sesquipedali subcompresso, umbellis 6-8-floris, spatluv valvis lanceolatis. 
pedicellis flore multo brevioribus, ovario ovoideo-trigono, periantbii infun- 
dibularis sesquipollicaris segmentis oblongis tubo equilongis flore expanso 
falcatis, staminibus limbo subduplo brevioribus, lilamentis linearibus in- 
terdum exappendiculatis interdum dente parvo prope basin praadito, stylo 
periantbio subpequilongo apice stigmatoso leviter trieuspidato. 

This is a plant which has been in English gardens for 
many years, and in the absence of flowers has passed for 
Eucharis Candida. Lately it has flowered at several places 
almost simultaneously, and it turns out to be no Eucharis at 
all, but a near neighbour of the Callipkruria Hartwegiana 
which was figured in the Botanical Magazine last year (tab. 
6259). The present plant, however, differs materially from 
C. Hartwegiana in the filaments, in which the toothing is some- 
times entirely wanting, so that for the botanical systematist it 
forms an awkward connecting link between the tribes Amaryl- 
lideaj and Pancratiece. The Eucharis Candida which was dis- 
tributed by Mr. William Bull in 1876, and which was 
figured in his catalogue for that year, is the true plant so 
called by Planchon. The present plate was made from a 
specimen sent by Mr. Gr. R. Sheath, which flowered in the 
garden of M. H. Beaufoy, Esq., at South Lambeth in De- 
cember, 1876. 

Descr. Bulb ovoid, one and a half inch in diameter, with 
a few brown membranous tunics. Leaves about four to a 
bulb, cotemporary with the flowers; petiole nearly a foot 
long, channelled down the face ; blade oblong, acute, bright 

Ai'im. 1st. 1S7 7. 

green, rather fleshy, six to eight inches long by more than half 
as broad, with many distinct arching ribs. Peduncle one to 
one and a half foot long, slightly compressed. Floivers six 
to eight in an umbel ; spathe-valves lanceolate ; pedicels half 
to three-quarters inch long ; unexpanded flowers suberect ; 
expanded flowers horizontal or drooping, scentless. Ovary 
green, ovoid-trigonous, quarter inch long ; perianth pure 
white, funnel-shaped, one and a half inch long, the oblong 
segments half as long as the tube, spreading falcate! y when 
the flower is fully expanded. Stamens inserted at the throat 
of the tube, about half as long as the segments ; filaments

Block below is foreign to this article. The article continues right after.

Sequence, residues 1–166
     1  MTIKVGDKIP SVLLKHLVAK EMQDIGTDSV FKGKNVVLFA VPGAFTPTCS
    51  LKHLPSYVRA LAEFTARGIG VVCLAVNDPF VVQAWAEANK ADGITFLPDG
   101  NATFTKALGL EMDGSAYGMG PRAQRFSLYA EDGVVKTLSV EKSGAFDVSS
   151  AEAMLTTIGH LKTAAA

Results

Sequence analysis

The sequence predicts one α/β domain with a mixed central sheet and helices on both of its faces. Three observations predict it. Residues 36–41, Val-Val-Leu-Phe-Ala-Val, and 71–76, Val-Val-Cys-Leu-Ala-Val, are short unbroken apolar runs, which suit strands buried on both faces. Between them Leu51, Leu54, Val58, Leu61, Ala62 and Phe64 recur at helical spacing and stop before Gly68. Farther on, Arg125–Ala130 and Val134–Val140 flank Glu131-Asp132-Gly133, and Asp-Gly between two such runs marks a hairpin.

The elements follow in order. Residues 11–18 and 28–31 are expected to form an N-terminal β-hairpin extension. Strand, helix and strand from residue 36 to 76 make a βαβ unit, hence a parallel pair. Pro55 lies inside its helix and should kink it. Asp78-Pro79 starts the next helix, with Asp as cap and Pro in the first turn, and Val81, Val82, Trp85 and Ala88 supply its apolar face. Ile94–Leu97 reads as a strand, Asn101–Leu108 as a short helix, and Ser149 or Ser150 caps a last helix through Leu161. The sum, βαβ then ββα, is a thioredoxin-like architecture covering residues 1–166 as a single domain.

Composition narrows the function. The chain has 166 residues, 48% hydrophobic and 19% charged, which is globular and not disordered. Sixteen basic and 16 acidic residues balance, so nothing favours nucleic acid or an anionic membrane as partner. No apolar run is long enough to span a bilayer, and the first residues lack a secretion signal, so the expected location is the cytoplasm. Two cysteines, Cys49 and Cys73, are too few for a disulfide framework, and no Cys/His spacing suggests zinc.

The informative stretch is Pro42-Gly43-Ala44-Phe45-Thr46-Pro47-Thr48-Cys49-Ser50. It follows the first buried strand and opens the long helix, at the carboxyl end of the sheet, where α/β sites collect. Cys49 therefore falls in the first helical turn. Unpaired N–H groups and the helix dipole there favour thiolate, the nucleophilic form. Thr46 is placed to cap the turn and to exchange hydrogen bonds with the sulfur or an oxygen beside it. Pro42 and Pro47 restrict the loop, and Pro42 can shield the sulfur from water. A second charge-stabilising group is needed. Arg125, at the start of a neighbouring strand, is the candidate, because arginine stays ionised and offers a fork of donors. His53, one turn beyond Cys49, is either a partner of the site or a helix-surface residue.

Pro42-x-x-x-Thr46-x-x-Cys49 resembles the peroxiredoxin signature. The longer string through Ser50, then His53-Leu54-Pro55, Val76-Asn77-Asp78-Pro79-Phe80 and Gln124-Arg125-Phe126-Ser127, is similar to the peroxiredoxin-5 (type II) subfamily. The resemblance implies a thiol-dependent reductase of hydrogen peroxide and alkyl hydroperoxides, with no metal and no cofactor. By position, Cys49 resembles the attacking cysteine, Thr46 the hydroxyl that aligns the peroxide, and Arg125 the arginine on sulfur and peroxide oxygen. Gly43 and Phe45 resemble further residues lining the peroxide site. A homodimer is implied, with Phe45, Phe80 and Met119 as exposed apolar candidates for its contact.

linear; sometimes entirely without any tooth, sometimes 
furnished with a more or less distinct tooth at the base on 
one or both sides ; anthers yellow, linear-oblong ; style as long 
as the perianth, obtusely lobed at the stigmatose tip. — J. G. 

Fig. 1. Flower, cut open ; 2, horizontal section of the ovary :—both magnified. 



Tab. 6290. 

RONDELETIA Backhousii. 

Native of Tropical America. 

Nat. Ord. Robiacbb. — Tribe Rondeleti&s. 
Genus Bohdeletta, Linn. (BrntKei Hooi.f. Gm. Plant, vol. ii. p. I8.1 

Rondeletia Backhousii ; fere glaberima, caule gracili, ramis teretibus. toliis 
breviter petiolatis elliptico-ovatis subacutis supremis ovatis sessilibus. nervis 
remotis arcuatig, stipulis triangulari-subulatis, paniculis terminalibus amplis 
ramosis basi foliaceo-bracteatis, bracteis ad axillas linearibus v. lineari- 
oblougis, bracteolis subulatis, floribus breviter gracile pcdircllntis 5-meris, 
calycis puberuli tubo subgloboso, limbi lobis obovato-oblongis v.-linearibus 
obtusis v. acutis corolla) tubo gracili dimidio terve brevioribus, corollae 
rosese lobis rotundatis, fauce glaberrima, ore obscure annulate, staminibus 
medio tubo-insertis, iilamentis brevibus, antheris inclusis lienai-i-oblongis 
sequilongis, stylo brevi, stigmatibus linearibus. 

This charming plant was received from Messrs. Backhouse 
of York, about the year 1860, without locality or name, and 
has been cultivated ever since in the Palm-house at Xew, 
where it flowers freely annually in autumn, but does not 
fruit. I have in vain endeavoured to name it, but it agrees 
with no described species, nor is there any at all like it in 
the Herbarium, except one from the Ecuadorian Andes, 
collected by Spruce (n. 5116), which has lanceolate acumi- 
nate leaves that are very pubescent beneath in the young 
state, and have many nerves. The genus is a very large one, 
including upwards of 60 species, and extends from Mexico to 
South Brazil. Their flowers are probably dimorphic, the males 
having short styles and stamens comparatively high up the 
tube ; in which case our plant is a male. I have named it 
in compliment to its introducers, Messrs. Backhouse, of York, 
who can give me no information as to its origin, but suppose 
that it was obtained from their continental correspondent. 

Descr. A small shrub, glabrous in all its parts, except the 
pedicels, calyx and corolla-tube, which are minutely pubescent. 
Stems and branches slender, terete, green. Leaves opposite, 
shortly petioled, four to niue inches long, ovate, subacute, 
membranous, green with red petiole and veins beneath ; 

APRIL 1st. 1877. 

veins arched, few, distant ; stipules triangular-subulate, ap-